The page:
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71 Cards in this Set

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Visual input from each eye is transmitted independently through the __________ to the __________, where vision is perceived.
Lateral Geniculate Nucleus

Ocular Dominance Columns in Area 17
What muscles cause adduction of eye?
Middle Rectus
Superior Rectus
Inferior Rectus
What muscles cause abduction of eye?
Lateral Rectus
Superior Oblique
Inferior Oblique
What muscles cause elevation of eye?
Superior rectus
Inferior oblique
What muscles cause depression of eye?
Superior oblique
Inferior rectus
What muscles cause intorsion of eye?
Superior rectus
Superior oblique
What muscles cause extorsion of eye?
Inferior rectus
Inferior oblique
Abducting eyes will allow isolation of what muscles?
Superior Rectus
Inferior Rectus
Adducting eyes will allow isolation of what muscles?
Superior Oblique
Inferior Oblique
T/F - Corticobulbar fibers are directly received by the Occulomotor system (CN III, IV, VI)
False.

Though most CN's motor nuclei are excited by corticobulbar fibers (allowing for coritcal control), these are not.
For control of eye movements, where must the corticobulbar fibers project to?
Brainstem centers in the Reticular Formation
Define Gaze Center
Areas of Reticular Formation that program eye movements.
Where is the lateral gaze center (or PPRF or parabducens) located?
In RF at level of facial colliculus.
Where does the lateral gaze center (or PPRF or parabducens) project to in terms of muscle nuclei?
Ipsilateral abducens nucleus

Contralateral occulomotor nucleus
Describe the pathway for the lateral gaze center (PPRF or parabducens) to reach the eye muscles.
The center projects to the ipsilateral lateral rectus muscle. It also sends projections which decussates via MLF (medial longitudinal fasciculus) to the contralateral medial rectus muscles.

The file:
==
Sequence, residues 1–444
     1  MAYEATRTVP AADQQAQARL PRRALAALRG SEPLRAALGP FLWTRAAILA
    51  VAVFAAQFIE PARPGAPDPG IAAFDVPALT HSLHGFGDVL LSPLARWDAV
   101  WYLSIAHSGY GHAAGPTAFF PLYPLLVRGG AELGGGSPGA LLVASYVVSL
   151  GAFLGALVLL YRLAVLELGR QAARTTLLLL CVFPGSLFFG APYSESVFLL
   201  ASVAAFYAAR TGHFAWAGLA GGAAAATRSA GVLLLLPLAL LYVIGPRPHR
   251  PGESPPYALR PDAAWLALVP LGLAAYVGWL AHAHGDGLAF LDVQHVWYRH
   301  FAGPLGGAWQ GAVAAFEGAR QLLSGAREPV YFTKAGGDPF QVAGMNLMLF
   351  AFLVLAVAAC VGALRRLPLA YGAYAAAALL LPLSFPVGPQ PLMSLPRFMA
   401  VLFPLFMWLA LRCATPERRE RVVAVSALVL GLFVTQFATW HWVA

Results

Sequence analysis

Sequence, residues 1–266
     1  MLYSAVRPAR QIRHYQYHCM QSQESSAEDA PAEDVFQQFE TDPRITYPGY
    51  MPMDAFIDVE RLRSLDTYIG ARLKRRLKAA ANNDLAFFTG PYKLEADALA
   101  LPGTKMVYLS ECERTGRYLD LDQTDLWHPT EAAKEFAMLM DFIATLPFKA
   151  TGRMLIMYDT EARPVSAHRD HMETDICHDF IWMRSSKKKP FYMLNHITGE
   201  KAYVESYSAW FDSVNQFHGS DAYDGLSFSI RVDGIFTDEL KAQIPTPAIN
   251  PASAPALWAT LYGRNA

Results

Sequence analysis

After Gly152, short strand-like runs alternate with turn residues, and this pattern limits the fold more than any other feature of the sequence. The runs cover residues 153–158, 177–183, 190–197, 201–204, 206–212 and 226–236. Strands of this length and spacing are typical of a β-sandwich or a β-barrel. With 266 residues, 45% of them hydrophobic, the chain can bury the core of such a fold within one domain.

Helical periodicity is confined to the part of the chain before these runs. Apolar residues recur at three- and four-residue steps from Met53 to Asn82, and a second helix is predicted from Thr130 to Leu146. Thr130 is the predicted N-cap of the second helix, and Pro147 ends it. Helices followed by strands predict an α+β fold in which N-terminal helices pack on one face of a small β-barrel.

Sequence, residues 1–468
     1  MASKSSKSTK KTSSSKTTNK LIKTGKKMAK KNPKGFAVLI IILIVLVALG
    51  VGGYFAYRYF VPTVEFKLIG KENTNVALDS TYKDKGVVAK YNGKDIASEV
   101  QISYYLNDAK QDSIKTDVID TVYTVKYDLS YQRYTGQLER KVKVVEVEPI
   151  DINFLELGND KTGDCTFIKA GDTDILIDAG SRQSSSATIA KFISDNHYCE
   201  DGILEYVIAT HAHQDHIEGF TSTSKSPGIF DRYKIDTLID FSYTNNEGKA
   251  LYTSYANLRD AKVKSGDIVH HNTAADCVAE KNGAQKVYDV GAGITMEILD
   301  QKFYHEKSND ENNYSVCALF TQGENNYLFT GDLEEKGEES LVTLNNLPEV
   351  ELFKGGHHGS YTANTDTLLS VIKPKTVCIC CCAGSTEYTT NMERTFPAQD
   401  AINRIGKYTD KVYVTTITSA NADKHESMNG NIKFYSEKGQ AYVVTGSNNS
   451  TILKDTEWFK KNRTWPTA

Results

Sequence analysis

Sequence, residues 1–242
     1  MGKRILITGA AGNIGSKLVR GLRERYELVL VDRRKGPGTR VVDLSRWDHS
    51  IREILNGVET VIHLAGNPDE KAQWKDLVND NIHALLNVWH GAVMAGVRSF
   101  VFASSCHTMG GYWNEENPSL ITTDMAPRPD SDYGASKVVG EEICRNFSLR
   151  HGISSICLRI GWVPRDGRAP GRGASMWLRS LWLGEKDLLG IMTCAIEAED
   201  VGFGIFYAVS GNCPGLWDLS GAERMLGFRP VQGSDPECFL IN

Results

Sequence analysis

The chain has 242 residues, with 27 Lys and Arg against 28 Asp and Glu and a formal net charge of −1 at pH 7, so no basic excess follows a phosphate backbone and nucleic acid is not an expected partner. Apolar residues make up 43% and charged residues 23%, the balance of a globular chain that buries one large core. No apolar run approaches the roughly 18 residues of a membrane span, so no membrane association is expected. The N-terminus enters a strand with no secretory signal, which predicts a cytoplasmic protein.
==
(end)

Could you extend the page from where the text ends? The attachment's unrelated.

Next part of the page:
Where is the vertical gaze center (aka rostral intersitial nucleus of the MLF) located?
In RF at the level of superior colliculi.
Where does the vertical gaze center (aka rostral interstitial nucleus of the MLF) project to in terms of muscle nuclei?
Oculomotor nuclei

Trochlear nuclei
What brainstem center is responsible for convergence and divergence?
Perlia's nucleus
Perlia's nucleus is part of what complex?
Oculomotor complex
T/F - Perlia's nucleus utilizes the Medial Longitudinal Fasciculus in vergence movements.
False.
What are the two cells that brainstems of eye movements contain?
Burst cells

Tonic cells
Describe burst cells.
Extremely rapid firing cells that mediate saccadic (rapid) eye movements
Describe tonic cells.
Slower firing than burst cells that mediate slow movements
When eyes are stationary, describe the firing of burst and tonic cells.
Fire with constant rate
What does the nucleus prepositus hypoglossi do?
Integrate signals of saccadic eye movements to derive a new position signal for tonic cells.
What does the Oculomotor channel through the basal ganglia do?
Facilitate or suppress eye movements.
Where are GABA neurons located and what do they do?
In the Substantia Nigra pars reticulata

Exert inhibitory effect on eye movements, which ceases firing during saccades.
Where do the GABA neurons project to?
VA & VL Thalamus

Superior Colliculus
Basal Ganglia diseases can produce what symptoms?
Abnormal eye movement or eye fixation
List two Cerebral Cortical areas influencing eye movement.
Frontal Eye fields

Visual Association Cortex
Where are the Frontal Eye Fields located?
Brodmann's area 8 in the Middle Frontal Gyrus
What does the Frontal Eye Field do?
Directs Voluntary rotation of both eyes to contralateral side.

These are for saccadic eye movements
The Frontal Eye field receives input from where?
Visual Cortex
The Frontal Eye Field projects to where?
Contralateral Lateral Gaze Center

Vertical Gaze Center

Ipsilateral Superior Colliculus
Where is the visual association cortex located?
Brodmann's 18 & 19

Temporal Areas

Parietal Areas
Where does the visual association cortex receive input from?
Primary visual cortex
Where does the visual association cortex project to?
Contralateral Lateral Gaze Center

Vertical Gaze Center

Ipsilateral Superior colliculus
What does the visual association center do?